Against Taking Photos in Museums

People should not take photographs in museums. This is me doing a 180 degree revision of my opinion. I mean, I myself take them and show them to you here. I think to limit cultural distribution is silly and that to take a flashless pictures of something in a museum can do nil amount of harm. I now know differently.

I now know that it is a scandalous practice detrimental to museums. On visits to the Museum of Modern Art and the Metropolitan Museum of Art yesterday, I wasn’t overwhelmed by the crowds so much as blown away by the number of people who only looked at the art through a camera lens. Pause, click, pause, click they walked through the museum documenting their trip meanwhile getting in my way, accidentally taking a photograph with flash, and generally showing little interest in the the art. They were more oblivious to the people around them as they tried to get a good shot.

Really, should photographs be allowed in museums at all? Do you take photographs? Does photography interfere with your enjoyment of art?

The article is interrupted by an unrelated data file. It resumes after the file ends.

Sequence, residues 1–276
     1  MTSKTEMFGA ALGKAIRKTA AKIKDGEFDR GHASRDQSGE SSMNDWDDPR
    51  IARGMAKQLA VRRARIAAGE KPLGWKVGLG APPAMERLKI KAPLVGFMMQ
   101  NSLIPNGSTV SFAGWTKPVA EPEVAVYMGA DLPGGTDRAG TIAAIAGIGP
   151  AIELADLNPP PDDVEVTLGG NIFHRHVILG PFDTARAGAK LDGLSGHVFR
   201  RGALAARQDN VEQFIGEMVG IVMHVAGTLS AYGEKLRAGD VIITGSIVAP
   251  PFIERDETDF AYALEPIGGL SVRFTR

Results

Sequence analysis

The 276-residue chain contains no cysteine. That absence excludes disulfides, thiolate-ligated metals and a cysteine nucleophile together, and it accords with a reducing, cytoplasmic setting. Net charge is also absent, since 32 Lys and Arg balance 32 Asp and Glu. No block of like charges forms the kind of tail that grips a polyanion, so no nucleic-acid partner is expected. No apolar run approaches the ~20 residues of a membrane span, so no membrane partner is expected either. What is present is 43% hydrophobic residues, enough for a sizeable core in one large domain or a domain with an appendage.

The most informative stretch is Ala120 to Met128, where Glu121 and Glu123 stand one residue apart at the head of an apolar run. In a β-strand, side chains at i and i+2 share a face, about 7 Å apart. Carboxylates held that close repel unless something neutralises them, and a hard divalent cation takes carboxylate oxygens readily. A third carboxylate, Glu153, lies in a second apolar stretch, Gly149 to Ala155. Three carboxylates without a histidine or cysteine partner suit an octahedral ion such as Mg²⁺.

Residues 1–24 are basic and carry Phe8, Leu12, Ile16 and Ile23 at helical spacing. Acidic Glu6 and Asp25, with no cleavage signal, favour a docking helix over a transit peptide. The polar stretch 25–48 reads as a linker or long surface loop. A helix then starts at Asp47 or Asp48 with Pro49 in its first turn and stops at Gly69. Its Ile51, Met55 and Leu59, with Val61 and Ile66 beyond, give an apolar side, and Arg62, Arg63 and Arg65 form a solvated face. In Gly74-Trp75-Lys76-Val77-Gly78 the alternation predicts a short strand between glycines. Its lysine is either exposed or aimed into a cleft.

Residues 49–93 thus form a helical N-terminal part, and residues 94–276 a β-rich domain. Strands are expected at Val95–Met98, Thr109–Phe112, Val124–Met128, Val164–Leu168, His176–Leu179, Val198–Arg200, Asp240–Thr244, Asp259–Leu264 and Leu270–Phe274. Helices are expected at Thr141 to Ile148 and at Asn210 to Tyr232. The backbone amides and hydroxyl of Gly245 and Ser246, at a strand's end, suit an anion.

4 thoughts on “Against Taking Photos in Museums

  1. It’s an interesting discussion. Personally I do not see the point in taking pictures of paintings in a museum, but I love to take pictures of sculptures and installation art, because playing with the angle can give a totally new point of view on the original art piece.

  2. I agree: a photo fo a painting never recreates how good it is!

    I can see how a photo of an installation, or performance for that matter, can be well done and document the presentation.

    It’s probably hard to capture that on a camera phone, which is what quite a few people had..

  3. I work right across from the Empire State Building, and every day I have to dodge tourists photographing the building. It seems silly, since they could get free professional photos from the web, but one has to accept the fact that it’s not so much to have a photo that they do this, but more to make their experience concrete.

  4. You’re right – at MOMA, especially, it’s just bizarre. At first (the last time I was there), I found myself dodging and deferring, politely trying to stay out of the way of the photographers.

    Then I came to my senses and got in their way. If I wanted to look at the brushwork, I was gonna get up close and look at it!

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